Muys has filed a counter-affidavit stating that he conducted the strip search "per protocol" and that the search was performed without incident. Muys denies ever touching the Plaintiff, let alone using unjustified force, and maintains that there was a single visual inspection of the Plaintiff's rectum. The Court cannot decide these factual issues on summary judgment.

As discussed in prior orders, although prison strip searches are generally permissible, see, e.g., Bell v. Wolfish, 441 U.S. 520 (1979); Del Raine v. Williford, 32 F.3d 1024 (7th Cir. 1994), they must be performed in a "reasonable," non-abusive manner. Bell, 441 U.S. at 560, Del Raine, 17 F.3d at 1040. In this case, if a jury believes that the Plaintiff was required to submit to an inspection of his anus three times, and/or that a non-medical professional inserted his finger into the Plaintiff's rectum, the jury would most likely conclude that the strip search violated the Plaintiff's constitutional rights.

The Plaintiff may also be able to recover against Muys if it is to be believed that Muys attacked the Plaintiff for protesting the allegedly invasive strip search(es). Correctional officers have the right to use reasonable force against a prison inmate to enforce discipline and to maintain institutional security. Hudson v. McMillian, 503 U.S. 1, 7 (1992). However, it is well settled that the intentional use of excessive force by prison guards against an inmate without penological justification constitutes cruel and unusual punishment violative of the Eighth Amendment. Id.; Knox v. Wainscott, No. 03 C 1429, 2003 WL 21148973, at *6 (N.D. Ill. May 14, 2003 (Manning, J.). Whenever correctional officials stand accused of using excessive physical force in violation of the Constitution, "the core judicial inquiry is whether force was applied in a good-faith effort to maintain or restore discipline, or maliciously and sadistically to cause harm." DeWalt v. Carter, 224 F.3d 607, 619 (7th Cir. 2000), quoting Hudson, 503 U.S. at 6-7 (internal quotations omitted). In this case, the trier of fact will have to assess whether Muys resorted to gratuitous violence, in violation of the Plaintiff's constitutional rights.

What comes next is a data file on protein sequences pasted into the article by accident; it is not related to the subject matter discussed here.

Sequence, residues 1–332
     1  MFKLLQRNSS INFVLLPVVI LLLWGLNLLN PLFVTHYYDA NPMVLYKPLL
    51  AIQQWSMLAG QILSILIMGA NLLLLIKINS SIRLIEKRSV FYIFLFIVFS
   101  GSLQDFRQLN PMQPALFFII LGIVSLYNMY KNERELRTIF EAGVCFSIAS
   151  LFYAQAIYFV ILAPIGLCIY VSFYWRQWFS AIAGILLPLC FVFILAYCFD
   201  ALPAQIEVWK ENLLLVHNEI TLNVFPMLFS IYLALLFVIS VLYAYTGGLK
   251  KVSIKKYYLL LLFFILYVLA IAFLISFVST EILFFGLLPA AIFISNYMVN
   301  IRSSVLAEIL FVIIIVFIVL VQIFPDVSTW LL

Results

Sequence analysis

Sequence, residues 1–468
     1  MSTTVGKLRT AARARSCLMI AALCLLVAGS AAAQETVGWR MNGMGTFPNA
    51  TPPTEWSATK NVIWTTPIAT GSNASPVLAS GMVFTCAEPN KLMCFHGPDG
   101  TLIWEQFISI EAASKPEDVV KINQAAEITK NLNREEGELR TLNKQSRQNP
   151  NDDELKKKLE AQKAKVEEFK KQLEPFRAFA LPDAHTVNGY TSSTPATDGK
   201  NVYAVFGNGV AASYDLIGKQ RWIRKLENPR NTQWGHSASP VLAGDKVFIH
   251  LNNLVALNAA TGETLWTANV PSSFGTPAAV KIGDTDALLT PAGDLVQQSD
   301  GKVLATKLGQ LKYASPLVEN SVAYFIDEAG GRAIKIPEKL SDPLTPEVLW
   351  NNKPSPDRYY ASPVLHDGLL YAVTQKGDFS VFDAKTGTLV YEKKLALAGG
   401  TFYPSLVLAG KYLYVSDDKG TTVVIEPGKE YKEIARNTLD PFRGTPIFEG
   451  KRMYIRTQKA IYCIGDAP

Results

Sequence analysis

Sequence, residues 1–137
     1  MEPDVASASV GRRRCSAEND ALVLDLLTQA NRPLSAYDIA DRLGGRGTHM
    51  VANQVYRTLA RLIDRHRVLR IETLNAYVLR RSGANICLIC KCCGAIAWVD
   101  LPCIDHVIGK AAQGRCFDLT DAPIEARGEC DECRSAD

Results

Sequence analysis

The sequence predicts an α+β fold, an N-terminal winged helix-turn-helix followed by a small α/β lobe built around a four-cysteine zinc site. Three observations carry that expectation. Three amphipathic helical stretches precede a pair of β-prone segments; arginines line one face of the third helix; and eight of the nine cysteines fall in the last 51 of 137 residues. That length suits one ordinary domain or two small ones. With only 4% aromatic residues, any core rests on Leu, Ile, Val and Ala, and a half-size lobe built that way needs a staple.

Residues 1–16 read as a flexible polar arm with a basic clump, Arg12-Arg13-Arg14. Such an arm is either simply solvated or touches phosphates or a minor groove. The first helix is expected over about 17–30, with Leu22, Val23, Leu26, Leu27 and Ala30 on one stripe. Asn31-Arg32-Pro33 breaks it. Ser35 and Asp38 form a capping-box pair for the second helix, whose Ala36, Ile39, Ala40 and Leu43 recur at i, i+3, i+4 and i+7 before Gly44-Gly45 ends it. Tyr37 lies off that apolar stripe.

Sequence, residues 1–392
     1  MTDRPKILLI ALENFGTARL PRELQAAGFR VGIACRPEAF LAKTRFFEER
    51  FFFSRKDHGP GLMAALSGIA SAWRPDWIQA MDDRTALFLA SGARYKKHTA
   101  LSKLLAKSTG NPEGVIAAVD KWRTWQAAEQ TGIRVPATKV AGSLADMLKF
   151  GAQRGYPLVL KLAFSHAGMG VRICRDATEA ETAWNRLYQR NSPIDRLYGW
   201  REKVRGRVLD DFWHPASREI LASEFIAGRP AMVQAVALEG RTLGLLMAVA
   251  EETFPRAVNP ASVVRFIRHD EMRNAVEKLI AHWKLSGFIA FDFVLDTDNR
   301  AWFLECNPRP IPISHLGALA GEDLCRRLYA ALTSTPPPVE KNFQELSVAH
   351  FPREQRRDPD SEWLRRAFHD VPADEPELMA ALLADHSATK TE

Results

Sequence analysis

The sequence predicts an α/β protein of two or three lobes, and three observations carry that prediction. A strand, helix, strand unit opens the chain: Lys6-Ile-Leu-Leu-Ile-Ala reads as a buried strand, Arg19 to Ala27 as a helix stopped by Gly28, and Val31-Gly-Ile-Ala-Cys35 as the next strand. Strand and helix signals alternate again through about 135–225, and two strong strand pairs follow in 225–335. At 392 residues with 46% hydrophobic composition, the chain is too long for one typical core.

Defendant Robinson ("Robinson") likewise denies that he was aware of anyone using excessive force against the Plaintiff, denies that the Plaintiff ever requested medical attention, and denies that he ever threatened to mace the Plaintiff if he continued to kick his cell door. Summary judgment is denied as to these contested issues.

The Plaintiff may also proceed against Defendants Robinson and Muys on his claim that they ignored his purported requests for needed medical attention. Correctional officials and health care providers may not act with deliberate indifference to an inmate's serious medical needs. Estelle v. Gamble, 429 U.S. 97, 104 (1976); Walker v. Benjamin, 293 F.3d 1030, 1037 (7th Cir. 2002). Again, accepting the Plaintiff's account of his injuries as true, he may be able to obtain damages for the denial of necessary ...